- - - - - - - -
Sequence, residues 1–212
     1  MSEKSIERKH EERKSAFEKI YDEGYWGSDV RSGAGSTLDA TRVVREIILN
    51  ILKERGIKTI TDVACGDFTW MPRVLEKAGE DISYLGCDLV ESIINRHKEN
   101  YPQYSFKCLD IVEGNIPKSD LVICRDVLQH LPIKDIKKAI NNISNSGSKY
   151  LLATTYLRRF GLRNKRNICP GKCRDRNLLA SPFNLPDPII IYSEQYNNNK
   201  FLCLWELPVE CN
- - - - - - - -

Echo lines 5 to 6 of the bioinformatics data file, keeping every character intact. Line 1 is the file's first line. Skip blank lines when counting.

   151  LLATTYLRRF GLRNKRNICP GKCRDRNLLA SPFNLPDPII IYSEQYNNNK
   201  FLCLWELPVE CN